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When Anonymity Breaks Silence: TIME's 2017 Person of the Year

With the end of the year approaching, 2017 is looking like a year that will be remembered as a time when silence was broken—a year when making noise, and lots of it, looked like it was more likely to bring more peace and order than staying quiet. This is especially true for women whose message has become loud and clear: we will no longer be silenced; that time is gone for good.  

TIME magazine celebrates this and more in their newly-released cover that features its 2017 People of the Year. Five powerful women grace the cover: Hollywood actress Ashley Judd, singer Taylor Swift, Adama Iwu who is the head of government relations in the western states for Visa, and Isabel Pascual. (Pascual's original name was changed to protect her identity). The cover was shot by Belgium-based photography duo Bills & Hells. 



Collectively, these women have been dubbed the "The Silence Breakers" in honor of their fearlessness in leading the groundbreaking #MeToo movement. #MeToo was born out of women across industries (most notably in Hollywood, media, and politics) who bravely decided to share their stories of sexual assault and harassment in the workplace. 

Their stories were shared with the hopes of blowing the whistle on their harassers who, in most cases, were high-profile men and male industry titans who had the power to make or break their careers, while letting other women who have been similarly abused know that they are not alone, and that justice can, indeed, be served. 

Featuring these women sends out a strong and solid message, but a closer examination of the image reveals an almost unnoticeable detail. The arm of an unnamed woman shares the spotlight, too.

It wasn't a mistake. She's the star of the cover. 

This anonymous woman is the face of all the other women who have become targets of sexual abuse but, for a myriad of reasons, have not come forward to reveal their abusers or seek help. All that has been revealed about this sixth woman is that she works at a hospital in the United States, and has chosen to remain hidden from the public eye to avoid antagonism at work.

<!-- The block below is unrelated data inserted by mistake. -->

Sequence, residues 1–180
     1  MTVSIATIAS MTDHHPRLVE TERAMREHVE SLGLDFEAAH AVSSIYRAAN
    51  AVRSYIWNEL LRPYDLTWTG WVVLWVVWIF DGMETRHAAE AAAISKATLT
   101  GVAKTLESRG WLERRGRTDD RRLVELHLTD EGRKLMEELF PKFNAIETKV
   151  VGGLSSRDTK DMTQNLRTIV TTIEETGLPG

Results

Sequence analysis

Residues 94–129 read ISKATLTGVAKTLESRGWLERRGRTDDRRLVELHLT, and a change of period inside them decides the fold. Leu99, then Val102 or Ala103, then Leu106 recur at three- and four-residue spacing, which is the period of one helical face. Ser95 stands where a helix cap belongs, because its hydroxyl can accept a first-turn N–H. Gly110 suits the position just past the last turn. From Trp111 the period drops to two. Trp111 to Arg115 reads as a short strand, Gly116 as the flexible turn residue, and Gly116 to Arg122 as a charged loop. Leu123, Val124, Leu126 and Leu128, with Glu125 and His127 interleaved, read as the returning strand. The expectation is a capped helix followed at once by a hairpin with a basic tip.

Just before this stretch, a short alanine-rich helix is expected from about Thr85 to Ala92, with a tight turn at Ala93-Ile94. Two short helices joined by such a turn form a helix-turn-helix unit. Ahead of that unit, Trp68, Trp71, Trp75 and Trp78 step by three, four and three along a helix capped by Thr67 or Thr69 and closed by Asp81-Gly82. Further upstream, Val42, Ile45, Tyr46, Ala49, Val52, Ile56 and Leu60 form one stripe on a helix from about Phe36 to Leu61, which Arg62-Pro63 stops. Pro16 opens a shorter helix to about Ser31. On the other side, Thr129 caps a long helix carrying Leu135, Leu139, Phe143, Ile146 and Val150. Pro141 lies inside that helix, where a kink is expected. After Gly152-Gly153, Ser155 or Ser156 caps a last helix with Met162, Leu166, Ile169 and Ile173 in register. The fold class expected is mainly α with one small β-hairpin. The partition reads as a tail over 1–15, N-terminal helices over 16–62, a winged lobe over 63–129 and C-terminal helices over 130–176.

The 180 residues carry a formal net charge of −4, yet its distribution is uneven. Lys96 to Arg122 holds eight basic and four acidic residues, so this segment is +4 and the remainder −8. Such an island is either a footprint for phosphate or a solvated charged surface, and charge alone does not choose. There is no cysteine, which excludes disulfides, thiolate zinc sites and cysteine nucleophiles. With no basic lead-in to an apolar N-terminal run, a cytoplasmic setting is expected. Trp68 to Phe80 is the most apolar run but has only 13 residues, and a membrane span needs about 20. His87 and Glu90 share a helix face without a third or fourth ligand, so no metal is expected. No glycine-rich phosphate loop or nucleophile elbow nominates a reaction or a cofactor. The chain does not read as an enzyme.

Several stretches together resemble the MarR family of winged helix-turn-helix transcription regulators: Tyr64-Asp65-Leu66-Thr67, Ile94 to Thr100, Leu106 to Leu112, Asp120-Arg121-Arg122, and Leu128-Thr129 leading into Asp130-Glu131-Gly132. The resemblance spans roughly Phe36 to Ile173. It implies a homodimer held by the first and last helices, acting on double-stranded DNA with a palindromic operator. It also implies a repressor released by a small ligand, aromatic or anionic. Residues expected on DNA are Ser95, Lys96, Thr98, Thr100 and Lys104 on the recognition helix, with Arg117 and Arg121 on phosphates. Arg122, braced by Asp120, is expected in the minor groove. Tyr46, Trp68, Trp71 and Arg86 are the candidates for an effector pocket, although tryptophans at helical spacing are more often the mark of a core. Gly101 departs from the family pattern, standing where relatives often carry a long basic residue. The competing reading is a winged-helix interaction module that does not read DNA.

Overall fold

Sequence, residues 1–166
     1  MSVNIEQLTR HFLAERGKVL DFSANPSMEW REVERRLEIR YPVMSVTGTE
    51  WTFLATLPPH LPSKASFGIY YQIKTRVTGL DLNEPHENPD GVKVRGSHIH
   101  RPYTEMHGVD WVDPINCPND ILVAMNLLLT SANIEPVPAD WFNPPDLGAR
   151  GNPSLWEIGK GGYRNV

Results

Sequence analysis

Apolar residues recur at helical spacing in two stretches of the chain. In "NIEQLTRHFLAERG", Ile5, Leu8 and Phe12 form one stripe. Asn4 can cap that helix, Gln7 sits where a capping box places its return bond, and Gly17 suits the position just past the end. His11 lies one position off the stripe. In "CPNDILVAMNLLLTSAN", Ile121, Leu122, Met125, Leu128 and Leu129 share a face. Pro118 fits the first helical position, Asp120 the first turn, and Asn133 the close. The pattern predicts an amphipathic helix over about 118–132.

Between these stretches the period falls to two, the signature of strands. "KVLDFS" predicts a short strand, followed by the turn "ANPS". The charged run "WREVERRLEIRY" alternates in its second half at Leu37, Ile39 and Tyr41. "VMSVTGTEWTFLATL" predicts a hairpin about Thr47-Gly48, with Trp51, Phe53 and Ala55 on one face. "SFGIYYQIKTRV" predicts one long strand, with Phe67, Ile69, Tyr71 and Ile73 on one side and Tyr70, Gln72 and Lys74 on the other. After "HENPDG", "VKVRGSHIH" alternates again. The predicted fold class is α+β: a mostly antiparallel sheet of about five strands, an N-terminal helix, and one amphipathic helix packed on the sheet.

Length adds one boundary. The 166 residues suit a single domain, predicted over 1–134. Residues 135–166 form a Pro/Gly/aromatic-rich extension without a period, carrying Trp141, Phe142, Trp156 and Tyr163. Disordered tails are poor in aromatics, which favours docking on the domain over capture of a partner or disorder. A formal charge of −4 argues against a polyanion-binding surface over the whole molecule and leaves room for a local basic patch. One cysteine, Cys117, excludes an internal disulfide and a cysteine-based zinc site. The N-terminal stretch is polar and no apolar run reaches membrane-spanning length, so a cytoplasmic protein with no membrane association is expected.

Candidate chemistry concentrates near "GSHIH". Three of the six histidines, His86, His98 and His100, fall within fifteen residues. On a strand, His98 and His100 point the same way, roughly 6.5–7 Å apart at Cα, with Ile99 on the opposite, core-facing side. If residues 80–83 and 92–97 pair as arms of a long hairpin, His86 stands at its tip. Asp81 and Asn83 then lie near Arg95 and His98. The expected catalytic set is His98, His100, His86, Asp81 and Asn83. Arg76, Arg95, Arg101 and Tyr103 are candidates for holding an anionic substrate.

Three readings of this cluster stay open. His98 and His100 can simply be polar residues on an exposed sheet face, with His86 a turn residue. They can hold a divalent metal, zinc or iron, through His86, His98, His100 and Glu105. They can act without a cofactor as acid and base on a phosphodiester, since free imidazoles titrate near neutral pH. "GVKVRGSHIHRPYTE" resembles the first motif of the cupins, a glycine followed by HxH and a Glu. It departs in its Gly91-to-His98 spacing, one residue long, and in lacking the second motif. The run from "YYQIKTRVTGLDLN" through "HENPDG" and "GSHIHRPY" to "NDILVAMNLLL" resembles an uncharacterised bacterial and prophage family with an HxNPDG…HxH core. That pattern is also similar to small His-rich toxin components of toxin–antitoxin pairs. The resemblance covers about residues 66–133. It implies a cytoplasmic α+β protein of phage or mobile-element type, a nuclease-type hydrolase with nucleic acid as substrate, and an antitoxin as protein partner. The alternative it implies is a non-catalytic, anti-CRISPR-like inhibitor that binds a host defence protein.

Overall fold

What she symbolizes is the whole reason for this magazine cover, the ugly truth that spawned #Me too; many women that have faced sexual abuse suffer in silence, in anonymity. Oftentimes, the shame from sharing their experiences with friends and family is overwhelming, or the fear of outing offenders (and possibly losing a job) is so extreme that they fold into themselves, living in silence even after much time has passed.



My first time to see this on a newsstand. #stunned. @time #metoo

A post shared by Ashley Judd (@ashley_judd) on


Wielding its power, #MeToo is a helping hand extended to these women, a message that tells them, "I've stood in your shoes. I've been there too. But all of us, we're together now. And together, we can fight this, and we can end this." As of this writing, millions of women from across the globe with different cultural, social, religious, and professional backgrounds have come forward. Their numbers are both alarming and revealing. 

When it comes to the women featured on this soon-to-be historic cover, all six of them have come out with their stories of abuse over the course of the last few months. All of them have consciously risen above the trauma, deciding to take action and give women a voice, and make sure they're heard. 

The cover is already being touted as a commemoration of this era's "biggest cultural reckoning." The reckoning being that sexual offenders are no longer paying for their misconduct by getting a light slap on the wrist or 20 minutes in the time out corner. This time around, they're being publicly called out, losing their jobs, made to answer to legal charges, stripped of their honors and titles, and ultimately, being asked to step down from pedestals they should never been propped on to begin with. 

That's right; after all this time, sexual harassment towards women (and men, too, for that matter) is finally being taken seriously and no longer tolerated or scoffed at. It's finally actually a big deal. It took long enough, but it's finally happened. 

The world is changing. And if 2018 and the years after that are going to be anything like 2017 in terms of empowered female voices, we have a lot to look forward to. 


Photo from @time